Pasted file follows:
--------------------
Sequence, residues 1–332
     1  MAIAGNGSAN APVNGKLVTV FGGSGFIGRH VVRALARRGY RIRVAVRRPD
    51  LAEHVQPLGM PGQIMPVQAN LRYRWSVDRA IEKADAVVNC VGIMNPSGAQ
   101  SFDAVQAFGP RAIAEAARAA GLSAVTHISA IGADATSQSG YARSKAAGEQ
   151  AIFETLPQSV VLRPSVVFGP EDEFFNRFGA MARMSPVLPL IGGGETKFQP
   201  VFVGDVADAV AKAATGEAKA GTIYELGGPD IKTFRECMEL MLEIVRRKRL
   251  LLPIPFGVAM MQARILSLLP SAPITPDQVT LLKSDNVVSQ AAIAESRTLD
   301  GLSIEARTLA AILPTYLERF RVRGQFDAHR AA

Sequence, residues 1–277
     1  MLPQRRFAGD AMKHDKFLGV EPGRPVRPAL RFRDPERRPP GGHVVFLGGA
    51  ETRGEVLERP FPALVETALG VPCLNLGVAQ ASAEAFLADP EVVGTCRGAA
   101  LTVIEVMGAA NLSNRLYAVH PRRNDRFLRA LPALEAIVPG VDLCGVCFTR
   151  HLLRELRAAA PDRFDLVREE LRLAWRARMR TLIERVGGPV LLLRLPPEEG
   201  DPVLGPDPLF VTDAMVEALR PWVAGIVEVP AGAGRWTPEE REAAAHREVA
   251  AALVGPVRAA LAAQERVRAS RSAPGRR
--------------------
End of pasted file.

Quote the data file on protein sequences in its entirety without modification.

Sequence, residues 1–332
     1  MAIAGNGSAN APVNGKLVTV FGGSGFIGRH VVRALARRGY RIRVAVRRPD
    51  LAEHVQPLGM PGQIMPVQAN LRYRWSVDRA IEKADAVVNC VGIMNPSGAQ
   101  SFDAVQAFGP RAIAEAARAA GLSAVTHISA IGADATSQSG YARSKAAGEQ
   151  AIFETLPQSV VLRPSVVFGP EDEFFNRFGA MARMSPVLPL IGGGETKFQP
   201  VFVGDVADAV AKAATGEAKA GTIYELGGPD IKTFRECMEL MLEIVRRKRL
   251  LLPIPFGVAM MQARILSLLP SAPITPDQVT LLKSDNVVSQ AAIAESRTLD
   301  GLSIEARTLA AILPTYLERF RVRGQFDAHR AA

Sequence, residues 1–277
     1  MLPQRRFAGD AMKHDKFLGV EPGRPVRPAL RFRDPERRPP GGHVVFLGGA
    51  ETRGEVLERP FPALVETALG VPCLNLGVAQ ASAEAFLADP EVVGTCRGAA
   101  LTVIEVMGAA NLSNRLYAVH PRRNDRFLRA LPALEAIVPG VDLCGVCFTR
   151  HLLRELRAAA PDRFDLVREE LRLAWRARMR TLIERVGGPV LLLRLPPEEG
   201  DPVLGPDPLF VTDAMVEALR PWVAGIVEVP AGAGRWTPEE REAAAHREVA
   251  AALVGPVRAA LAAQERVRAS RSAPGRR